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21

There are other font that can be used: MnSymbol: FdSymbol: TX fonts: PX fonts: cjhebrew: OpenType fonts (LuaTeX/XeTeX): Latin Modern Math: Asana Math: XITS Math: TeX Gyre Pagella Math: TeX Gyre Termes Math: Linux Libertine: GNU FreeFont/FreeSerif: GNU FreeFont/FreeSans: MnSymbol \documentclass{article} % \usepackage{MnSymbol} % Definitions ...


20

For completeness sake, here is an answer using ConTeXt's font colour schemes feature (using Arabic, but should apply to any scripts): First write a font “goodies” file containing categories of glyphs names (glyph name are font dependant, so you've to check the font you are using) that should share the same colour (it is just a lua script): -- save as '...


15

LuaLaTeX is your choice! Greek is possible without any adjustments. Hebrew, as it is a language from right to left, needs adjustments. Of course, you need to use \usepackage{fontspec} in the preamble (as is usual when using LuaLatex). Greek You need a font that supports all the accents. If your mainfont for latin text does not support them, you need to ...


10

Hebrew babel redefines all the counter representation mechanism and lipsum relies on \roman for its inner workings. You can change a macro in lipsum: \usepackage{lipsum} \makeatletter \renewcommand\lips@dolipsum{% \ifnum\value{lips@count}<\lips@max\relax \addtocounter{lips@count}{1}% \csname lipsum@\romannumeral\c@lips@count\endcsname \...


10

As far as my research in the net has been able to find, hyphenation in Hebrew is used mainly (or even uniquely) in newspaper typeset in narrow columns. There are no hyphenation pattern files for Hebrew that I know of; surely not on CTAN. The message you get is a long standing misfeature of babel, which, when it doesn't find hyphenation patterns preloaded ...


10

It's easy to do with fontspec and an Opentype font that has that symbol; its code is U+20AA. This requires compiling with Xe/LuaLaTeX. Here is an example with DejaVu Sans. I define a \NIS macro: \documentclass[a4paper,12pt]{article} \usepackage{fourier} \usepackage[no-math]{fontspec} \setmainfont{Heuristica} \setsansfont{DejaVu Sans} \newcommand\NIS{\char"...


10

Put the \textenglish{aaa} block inside the same \uline: \documentclass[a4paper,numbers=noenddot]{scrartcl} \usepackage{fontspec} \PassOptionsToPackage{normalem}{ulem} \usepackage{ulem} %%%%%%%%%%%%%%%%%%%%%%%%%%%%%% User specified LaTeX commands. \defaultfontfeatures{Scale=MatchUppercase, Ligatures=TeX} \newfontfamily\hebrewfont[Script=Hebrew]{David CLM ...


9

I am not sure I understand the difficulty. If you use xelatex, polyglossia, and an appropriate font (e.g., Ezra SIL), there is no problem in producing Hebrew with Nikkud. Here is a short example, which I am sure you can expand: \documentclass[a4paper,12pt]{article} \usepackage{polyglossia} \setmainlanguage[calendar=hebrew]{hebrew} \setotherlanguage{...


9

It looks like \alph (or rather, \@alph) is redefined to use the macro \@hebrew@numeral, which produces these numbers. I'm redefining it to first look up if a number is bad and print something different if this is the case. The output will be unchanged otherwise. Bad numbers are declared using \newbadnum{<number>}{<good representation>}, which I ...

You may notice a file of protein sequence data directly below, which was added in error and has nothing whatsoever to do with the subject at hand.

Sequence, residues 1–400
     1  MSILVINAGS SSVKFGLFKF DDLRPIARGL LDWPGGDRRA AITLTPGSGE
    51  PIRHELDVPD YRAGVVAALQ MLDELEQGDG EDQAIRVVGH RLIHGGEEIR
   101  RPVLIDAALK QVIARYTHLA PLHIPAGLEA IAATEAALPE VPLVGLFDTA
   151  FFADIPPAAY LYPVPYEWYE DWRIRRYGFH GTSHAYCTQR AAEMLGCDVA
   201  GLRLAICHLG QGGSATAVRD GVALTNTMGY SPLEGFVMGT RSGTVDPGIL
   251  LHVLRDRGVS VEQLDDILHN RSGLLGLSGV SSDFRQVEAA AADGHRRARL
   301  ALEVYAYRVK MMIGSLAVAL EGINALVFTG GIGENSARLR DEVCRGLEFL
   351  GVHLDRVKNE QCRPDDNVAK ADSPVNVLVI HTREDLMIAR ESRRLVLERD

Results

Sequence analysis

8

You can use Artyom Beilis' BiDiTex, which pre-processes a (La)TeX file to reverse parentheses and enclose numbers in appropriate macros. The documentation lists the problem you mention exactly, in section 1... that's the motivation for writing that utility. Using the question's MWE: \documentclass[english,hebrew]{article} \usepackage[utf8x]{inputenc} \...


8

As already mentioned using XeLaTeX and polyglossia is the only way to go. Nice fonts are available for free from the Culmus Project, the Society of Biblical Literature and SIL International. Btw., fonts from these three sources also work nicely with nikkud (vowel signs) and te'amim (cantillation signs). If I am not mistaken, the very nice Frank Ruehl font ...


8

Pobably this is not a package conflict, but rather the lack of babel support for Hebrew. A possible solution (not tested) is to install the package IvriTeX (Hebrew package for the babel system and LaTeX2e). To install in a Debian system: apt-get install ivritex In other case go to http://ivritex.sourceforge.net/ Another solution is to remove hebrew from ...


8

I suggest you to try XeLaTeX and Polyglossia; in my experience, installing full Hebrew for babel has been painful. Not that I know any Hebrew, but I had to typeset some text in that language. Here's an example. You may need to change the font name; what font to use depends on your operating system, but any OpenType or TrueType system font supporting Hebrew ...


8

That looks like a bug in bidi (egreg thinks) but you can force things back with \beginL \documentclass{article} %\usepackage[T1]{fontenc}% don't use fontenc with xetex \usepackage{amsmath} \usepackage{polyglossia} \setotherlanguage{hebrew} \setdefaultlanguage{english} \showoutput \begin{document} \[\{ x\,|\,\text{\beginL one two three\endL}\}\] \end{...


7

You can use the tabbing environment; below there are some examples (the example is in Spanish, but that's not so relevant) of the use of this environment and a brief description of its main commands: \documentclass{article} \begin{document} \begin{tabbing} Programa\quad \= : \= \TeX \\ Autor \> : \> Donald Knuth \\ Manuales \> : \\ \qquad\= The ...